White House unveils goals for Japan trade talks
WASHINGTON (Reuters) - The White House on Friday laid out objectives for trade talks with Japan, setting the clock for them to begin as early as Jan. 20, as the administration seeks to slash the United States' $69 billion trade deficit with the world's third-biggest economy. According to the document, the United States is aiming to secure duty-free market access for American industrial products and reduce or eliminate tariffs for U.S.
WASHINGTON (Reuters) - The White House on Friday laid out objectives for trade talks with Japan, setting the clock for them to begin as early as Jan. 20, as the administration seeks to slash the United States' $69 billion trade deficit with the world's third-biggest economy.
According to the document, the United States is aiming to secure duty-free market access for American industrial products and reduce or eliminate tariffs for U.S. agricultural goods. It may want to negotiate the deal in stages.
Washington is also seeking more equitable trade in the motor vehicle sector and will try to "ensure that Japan avoids manipulating exchange rates in order to prevent effective balance of payments adjustment or to gain an unfair competitive advantage," the document said.
October comments by U.S. Treasury Secretary Steven Mnuchin alluding to such a provision sparked concern in Japan that it might give Washington the right to label as currency manipulation any future foreign exchange market interventions by Tokyo.
At a hearing this month on U.S. negotiating objectives for the trade talks, the United Auto Workers union called on the Trump administration to demand strict quotas on Japanese vehicles and parts, with any increases based on the growth of U.S. automotive exports to Japan.
In a statement, Democratic Senator Ron Wyden said he supported opening markets for U.S. goods, but criticized the objectives, saying they lacked detail and contained a "completely inadequate" approach to trade enforcement.
U.S. President Donald Trump has roiled international markets by embroiling China in a trade war, forcing Canada and Mexico to revamp the North American Free Trade Agreement, and pulling the United States out of the Trans-Pacific Partnership early last year.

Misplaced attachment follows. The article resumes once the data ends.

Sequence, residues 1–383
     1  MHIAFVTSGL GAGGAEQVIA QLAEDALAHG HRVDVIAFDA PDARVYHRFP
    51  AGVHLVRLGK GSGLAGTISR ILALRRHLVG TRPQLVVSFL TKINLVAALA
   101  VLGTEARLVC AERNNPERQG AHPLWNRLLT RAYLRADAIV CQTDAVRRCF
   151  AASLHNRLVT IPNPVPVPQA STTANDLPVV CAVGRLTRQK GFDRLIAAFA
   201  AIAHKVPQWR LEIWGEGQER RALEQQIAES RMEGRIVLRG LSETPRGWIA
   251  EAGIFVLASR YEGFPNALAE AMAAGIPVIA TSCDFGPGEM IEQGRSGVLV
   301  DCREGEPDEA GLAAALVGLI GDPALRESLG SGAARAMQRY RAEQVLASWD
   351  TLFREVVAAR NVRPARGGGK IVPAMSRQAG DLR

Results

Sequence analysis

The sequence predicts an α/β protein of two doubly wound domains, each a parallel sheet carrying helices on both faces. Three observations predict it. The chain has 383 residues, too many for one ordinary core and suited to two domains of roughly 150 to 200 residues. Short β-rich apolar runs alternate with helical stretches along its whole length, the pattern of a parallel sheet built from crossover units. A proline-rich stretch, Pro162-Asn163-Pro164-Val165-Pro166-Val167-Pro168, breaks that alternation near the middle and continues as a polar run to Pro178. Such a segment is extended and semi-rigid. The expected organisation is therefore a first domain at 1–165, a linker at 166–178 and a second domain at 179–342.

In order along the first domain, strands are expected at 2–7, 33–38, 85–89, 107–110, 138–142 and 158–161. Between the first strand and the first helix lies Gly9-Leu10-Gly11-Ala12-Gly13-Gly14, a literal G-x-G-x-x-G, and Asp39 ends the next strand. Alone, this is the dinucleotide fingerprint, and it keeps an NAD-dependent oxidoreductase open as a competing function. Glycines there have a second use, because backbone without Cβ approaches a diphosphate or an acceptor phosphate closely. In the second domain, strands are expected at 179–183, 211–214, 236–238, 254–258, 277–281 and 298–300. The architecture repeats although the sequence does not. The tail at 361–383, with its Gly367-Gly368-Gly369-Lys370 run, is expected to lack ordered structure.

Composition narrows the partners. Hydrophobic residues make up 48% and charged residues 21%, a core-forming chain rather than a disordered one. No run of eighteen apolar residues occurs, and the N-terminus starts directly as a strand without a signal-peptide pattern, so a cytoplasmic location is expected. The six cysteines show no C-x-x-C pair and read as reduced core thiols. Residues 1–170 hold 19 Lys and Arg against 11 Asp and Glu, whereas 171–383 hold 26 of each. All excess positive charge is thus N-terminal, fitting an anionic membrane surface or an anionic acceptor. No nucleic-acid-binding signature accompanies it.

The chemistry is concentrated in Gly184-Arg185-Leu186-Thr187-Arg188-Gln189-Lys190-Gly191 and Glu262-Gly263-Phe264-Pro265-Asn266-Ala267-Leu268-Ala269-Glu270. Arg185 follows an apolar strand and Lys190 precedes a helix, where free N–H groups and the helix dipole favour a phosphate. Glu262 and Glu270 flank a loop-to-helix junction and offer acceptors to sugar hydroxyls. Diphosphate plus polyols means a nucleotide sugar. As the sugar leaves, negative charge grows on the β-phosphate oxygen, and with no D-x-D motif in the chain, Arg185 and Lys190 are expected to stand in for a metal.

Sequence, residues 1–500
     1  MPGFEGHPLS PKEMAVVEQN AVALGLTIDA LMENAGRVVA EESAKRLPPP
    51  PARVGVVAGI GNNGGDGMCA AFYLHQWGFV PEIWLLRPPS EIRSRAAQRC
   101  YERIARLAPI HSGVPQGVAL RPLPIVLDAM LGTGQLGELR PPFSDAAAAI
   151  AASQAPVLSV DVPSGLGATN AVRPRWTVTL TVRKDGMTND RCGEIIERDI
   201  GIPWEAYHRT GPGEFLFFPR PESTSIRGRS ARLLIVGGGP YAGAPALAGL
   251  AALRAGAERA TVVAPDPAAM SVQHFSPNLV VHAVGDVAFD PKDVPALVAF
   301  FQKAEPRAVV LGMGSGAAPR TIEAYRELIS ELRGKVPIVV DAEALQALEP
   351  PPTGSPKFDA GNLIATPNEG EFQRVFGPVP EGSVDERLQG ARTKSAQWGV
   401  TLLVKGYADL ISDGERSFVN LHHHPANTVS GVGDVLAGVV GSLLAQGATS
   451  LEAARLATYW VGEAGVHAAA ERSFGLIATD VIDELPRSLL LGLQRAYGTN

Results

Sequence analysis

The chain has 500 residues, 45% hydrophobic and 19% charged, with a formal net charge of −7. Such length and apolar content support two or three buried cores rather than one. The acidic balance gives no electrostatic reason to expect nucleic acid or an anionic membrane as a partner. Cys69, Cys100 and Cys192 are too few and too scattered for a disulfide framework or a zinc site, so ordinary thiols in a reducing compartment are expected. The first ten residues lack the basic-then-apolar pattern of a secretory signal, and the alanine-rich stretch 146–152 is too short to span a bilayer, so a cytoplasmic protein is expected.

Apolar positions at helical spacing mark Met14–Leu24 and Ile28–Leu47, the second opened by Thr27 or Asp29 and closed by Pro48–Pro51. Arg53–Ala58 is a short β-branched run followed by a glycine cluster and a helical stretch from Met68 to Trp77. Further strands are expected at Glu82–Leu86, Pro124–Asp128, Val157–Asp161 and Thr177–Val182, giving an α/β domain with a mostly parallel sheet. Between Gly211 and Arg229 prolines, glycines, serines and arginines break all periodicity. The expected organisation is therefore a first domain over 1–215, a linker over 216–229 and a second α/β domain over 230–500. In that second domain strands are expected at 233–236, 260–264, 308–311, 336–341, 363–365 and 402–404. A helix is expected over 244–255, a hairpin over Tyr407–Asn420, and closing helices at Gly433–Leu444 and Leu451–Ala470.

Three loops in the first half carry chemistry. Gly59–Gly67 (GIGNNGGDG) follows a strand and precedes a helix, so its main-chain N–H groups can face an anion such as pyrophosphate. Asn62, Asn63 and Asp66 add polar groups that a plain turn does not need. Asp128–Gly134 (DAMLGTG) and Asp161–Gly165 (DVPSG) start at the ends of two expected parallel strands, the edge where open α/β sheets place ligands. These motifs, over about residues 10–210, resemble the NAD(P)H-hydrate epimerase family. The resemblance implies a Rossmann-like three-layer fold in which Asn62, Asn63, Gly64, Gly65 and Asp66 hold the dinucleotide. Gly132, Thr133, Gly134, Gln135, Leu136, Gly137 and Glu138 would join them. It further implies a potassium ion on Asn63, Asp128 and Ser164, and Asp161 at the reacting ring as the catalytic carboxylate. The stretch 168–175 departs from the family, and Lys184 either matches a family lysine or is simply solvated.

(Reporting by Alexandra Alper; Editing by James Dalgleish)
This story has not been edited by Firstpost staff and is generated by auto-feed.
By Robin Emmott and John Irish | BRUSSELS/PARIS BRUSSELS/PARIS France and Germany will agree to a U.S. plan for NATO to take a bigger role in the fight against Islamic militants at a meeting with President Donald Trump on Thursday, but insist the move is purely symbolic, four senior European diplomats said.The decision to allow the North Atlantic Treaty Organization to join the coalition against Islamic State in Syria and Iraq follows weeks of pressure on the two allies, who are wary of NATO confronting Russia in Syria and of alienating Arab countries who see NATO as pushing a pro-Western agenda."NATO as an institution will join the coalition," said one senior diplomat involved in the discussions. "The question is whether this just a symbolic gesture to the United States
BEIJING Chinese President Xi Jinping on Wednesday called for greater efforts to make the country's navy a world class one, strong in operations on, below and above the surface, as it steps up its ability to project power far from its shores.China's navy has taken an increasingly prominent role in recent months, with a rising star admiral taking command, its first aircraft carrier sailing around self-ruled Taiwan and a new aircraft carrier launched last month.With President Donald Trump promising a US shipbuilding spree and unnerving Beijing with his unpredictable approach on hot button issues including Taiwan and the South and East China Seas, China is pushing to narrow the gap with the U.S. Navy.Inspecting navy headquarters, Xi said the navy should "aim for the top ranks in the world", the Defence Ministry said in a statement about his visit."Building a strong and modern navy is an important mark of a top ranking global military," the ministry paraphrased Xi as saying.